By Ruchir Agarwal and Signe Krogstrup
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Many central banks reduced policy interest rates to zero during the global financial crisis to boost growth. Ten years later, interest rates remain low in most countries. While the global economy has been recovering, future downturns are inevitable. Severe recessions have historically required 3–6 percentage points cut in policy rates. If another crisis happens, few countries would have that kind of room for monetary policy to respond.
To get around this problem, a recent IMF staff study shows how central banks can set up a system that would make deeply negative interest rates a feasible option.
How low can you go?
In a cashless world, there would be no lower bound on interest rates. A central bank could reduce the policy rate from, say, 2 percent to minus 4 percent to counter a severe recession. The interest rate cut would transmit to bank deposits, loans, and bonds. Without cash, depositors would have to pay the negative interest rate to keep their money with the bank, making consumption and investment more attractive. This would jolt lending, boost demand, and stimulate the economy.
When cash is available, however, cutting rates significantly into negative territory becomes impossible. Cash has the same purchasing power as bank deposits, but at zero nominal interest. Moreover, it can be obtained in unlimited quantities in exchange for bank money. Therefore, instead of paying negative interest, one can simply hold cash at zero interest. Cash is a free option on zero interest, and acts as an interest rate floor.
Because of this floor, central banks have resorted to unconventional monetary policy measures. The euro area, Switzerland, Denmark, Sweden, and other economies have allowed interest rates to go slightly below zero, which has been possible because taking out cash in large quantities is inconvenient and costly (for example, storage and insurance fees). These policies have helped boost demand, but they cannot fully make up for lost policy space when interest rates are very low.
Breaking through zero
One option to break through the zero lower bound would be to phase out cash. But that is not straightforward. Cash continues to play a significant role in payments in many countries. To get around this problem, in a recent IMF staff study and previous research, we examine a proposal for central banks to make cash as costly as bank deposits with negative interest rates, thereby making deeply negative interest rates feasible while preserving the role of cash.
The proposal is for a central bank to divide the monetary base into two separate local currencies—cash and electronic money (e-money). E-money would be issued only electronically and would pay the policy rate of interest, and cash would have an exchange rate—the conversion rate—against e-money. This conversion rate is key to the proposal. When setting a negative interest rate on e-money, the central bank would let the conversion rate of cash in terms of e-money depreciate at the same rate as the negative interest rate on e-money. The value of cash would thereby fall in terms of e-money.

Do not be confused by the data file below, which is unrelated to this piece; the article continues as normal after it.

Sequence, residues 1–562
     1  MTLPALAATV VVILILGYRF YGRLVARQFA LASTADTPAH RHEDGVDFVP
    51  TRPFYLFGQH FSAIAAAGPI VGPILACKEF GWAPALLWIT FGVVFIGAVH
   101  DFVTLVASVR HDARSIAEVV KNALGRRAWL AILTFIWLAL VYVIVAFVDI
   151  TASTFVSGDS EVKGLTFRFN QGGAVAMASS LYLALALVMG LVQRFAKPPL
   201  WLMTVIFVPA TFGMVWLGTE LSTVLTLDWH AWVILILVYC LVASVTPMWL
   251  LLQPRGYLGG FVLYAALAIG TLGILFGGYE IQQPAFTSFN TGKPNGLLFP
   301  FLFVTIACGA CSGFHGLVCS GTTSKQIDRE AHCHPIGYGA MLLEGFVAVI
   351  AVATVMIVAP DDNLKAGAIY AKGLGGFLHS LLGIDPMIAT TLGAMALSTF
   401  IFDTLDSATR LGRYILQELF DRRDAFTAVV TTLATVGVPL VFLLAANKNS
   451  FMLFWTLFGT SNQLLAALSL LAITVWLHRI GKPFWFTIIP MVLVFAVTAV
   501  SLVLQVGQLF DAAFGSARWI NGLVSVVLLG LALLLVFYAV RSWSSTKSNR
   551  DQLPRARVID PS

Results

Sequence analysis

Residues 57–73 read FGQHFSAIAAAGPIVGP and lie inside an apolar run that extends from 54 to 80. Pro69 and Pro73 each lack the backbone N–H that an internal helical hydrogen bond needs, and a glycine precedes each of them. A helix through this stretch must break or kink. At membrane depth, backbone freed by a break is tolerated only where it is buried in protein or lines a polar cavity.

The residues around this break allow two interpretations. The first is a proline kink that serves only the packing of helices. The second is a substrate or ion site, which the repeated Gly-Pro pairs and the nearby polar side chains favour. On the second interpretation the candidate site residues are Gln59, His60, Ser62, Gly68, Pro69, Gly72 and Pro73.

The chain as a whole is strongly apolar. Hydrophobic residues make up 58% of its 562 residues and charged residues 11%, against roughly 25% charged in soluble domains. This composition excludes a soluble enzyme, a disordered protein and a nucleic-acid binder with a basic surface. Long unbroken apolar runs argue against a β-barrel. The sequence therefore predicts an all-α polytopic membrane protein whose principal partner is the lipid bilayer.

To illustrate, suppose your bank announced a negative 3 percent interest rate on your bank deposit of 100 dollars today. Suppose also that the central bank announced that cash-dollars would now become a separate currency that would depreciate against e-dollars by 3 percent per year. The conversion rate of cash-dollars into e-dollars would hence change from 1 to 0.97 over the year. After a year, there would be 97 e-dollars left in your bank account. If you instead took out 100 cash-dollars today and kept it safe at home for a year, exchanging it into e-money after that year would also yield 97 e-dollars.
At the same time, shops would start advertising prices in e-money and cash separately, just as shops in some small open economies already advertise prices both in domestic and in bordering foreign currencies. Cash would thereby be losing value both in terms of goods and in terms of e-money, and there would be no benefit to holding cash relative to bank deposits.
This dual local currency system would allow the central bank to implement as negative an interest rate as necessary for countering a recession, without triggering any large-scale substitutions into cash.
Pros and cons
While a dual currency system challenges our preconceptions about money, countries could implement the idea with relatively small changes to central bank operating frameworks. In comparison to alternative proposals, it would have the advantage of completely freeing monetary policy from the zero lower bound. Its introduction would reconfirm the central bank’s commitment to the inflation target, rather than raise doubts about it.
Still, implementing such a system is not without challenges. It would require important modifications of the financial and legal system. In particular, fundamental questions pertaining to monetary law would have to be addressed and consistency with the IMF’s legal framework would need to be ensured. Also, it would require an enormous communication effort.
The pros and cons of the system are country specific and should be carefully compared to other proposals, such as higher inflation targets, for increasing monetary policy space in a low-interest environment. We consider these issues, and more, in our research.